It took nearly four years of legal tussling before the defendants - associated with the Leben Home for Adults in Elmhurst where the residents had lived and Parkway Hospital in Forest Hills where they were operated on - agreed to pay each of the 17 men $432,653 in what attorney Timothy Clune from the non-profit Disabilities Advocates called "the largest settlement he has seen of its kind.""They will now have money in their hands so they can improve the quality of their lives," said Clune, a longtime promoter for better resident care in adult homes and one of the residents' attorneys.According to The New York Times, a state inquiry found that the invasive operations occurred in 1998 as part of a scheme to generate thousands of dollars in Medicaid and Medicare fees by coercing 24 Leben residents of the 361-bed Leben home to endure "assembly-line techniques to mass-produce surgery." A complaint later filed in 2001 on behalf of the residents claimed that the scheme involved health care professionals herding the Leben group, too mentally ill to fully comprehend what was happening, to Parkway Hospital where they were operated on in order to "reap profits" in the form of government fees. Seven of the original 24 residents later chose not to join the lawsuit filed in federal court in Manhattan against the adult home and the hospital.Although Clune said the plaintiffs were pleased with the overall results - which along with the private settlement included $32,000 in fines for Parkway Hospital and revoked/suspended licenses for two of its surgeons issued in 2001 by the State Health Department - the case remained open.An amended lawsuit is against a group connected to the home-care agency Americare, which had employees working at the Leben home when the surgeries occurred in 1998, the complaint said.An official complaint claims that Americare, which oversaw most of Leben's health care, "facilitated the execution of consent forms that were not informed..." as well as the "unnecessary surgery" inflicted on the group of mentally ill residents. Along with the company, Americare CEO Martin Kleinman and employee Diane Ahearn were also defendants.Attorney Glen Feinberg, who represents Americare, had a different view. "The surgeries were performed by doctors after recommendations from other doctors," he said. "Americare provides unskilled care to residents and is not in the position to determine if surgery is necessary or not. It's not our job to oversee doctors, it's doctors' job to oversee us." As for Americare workers persuading uninformed residents to sign consent forms, Feinberg said "that was simply untrue."A settlement appeared unlikely, according to both sides.Confident in a jury decision, Clune said he was pushing for January 2005 as a trial date.In addition, Clune has a pending lawsuit against the state of New York for what he generalized as "adult care facilities' inability to care for mentally ill residents." Although in its beginning stages, the suit against 26 of New York's largest adult homes could be a major step toward overhauling the adult home system.Reach reporter Zach Patberg by e-mail at news@times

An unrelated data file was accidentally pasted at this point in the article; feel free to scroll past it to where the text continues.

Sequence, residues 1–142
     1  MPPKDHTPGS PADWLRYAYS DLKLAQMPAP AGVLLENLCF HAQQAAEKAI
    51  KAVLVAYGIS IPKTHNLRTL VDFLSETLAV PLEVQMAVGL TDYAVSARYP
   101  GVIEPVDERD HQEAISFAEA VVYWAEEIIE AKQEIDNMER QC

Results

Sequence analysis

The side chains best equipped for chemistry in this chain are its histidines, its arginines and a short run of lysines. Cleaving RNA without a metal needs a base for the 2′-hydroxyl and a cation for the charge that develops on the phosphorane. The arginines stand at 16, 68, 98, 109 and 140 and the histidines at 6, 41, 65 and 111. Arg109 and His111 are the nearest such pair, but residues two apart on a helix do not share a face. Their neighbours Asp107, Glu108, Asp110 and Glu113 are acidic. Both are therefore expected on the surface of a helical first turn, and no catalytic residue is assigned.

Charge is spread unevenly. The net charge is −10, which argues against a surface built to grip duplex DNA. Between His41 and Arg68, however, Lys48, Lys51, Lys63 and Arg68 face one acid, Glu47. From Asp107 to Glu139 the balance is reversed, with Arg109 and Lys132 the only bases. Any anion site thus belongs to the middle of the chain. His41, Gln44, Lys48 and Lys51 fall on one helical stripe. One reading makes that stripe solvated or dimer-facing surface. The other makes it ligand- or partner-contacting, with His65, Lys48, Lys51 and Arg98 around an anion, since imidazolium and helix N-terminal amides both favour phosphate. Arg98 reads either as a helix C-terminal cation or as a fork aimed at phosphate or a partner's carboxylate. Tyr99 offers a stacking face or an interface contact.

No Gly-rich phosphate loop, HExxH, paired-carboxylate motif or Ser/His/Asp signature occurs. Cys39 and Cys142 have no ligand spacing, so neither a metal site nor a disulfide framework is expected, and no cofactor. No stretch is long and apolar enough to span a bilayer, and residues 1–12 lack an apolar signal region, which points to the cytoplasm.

©2004 Community News Group
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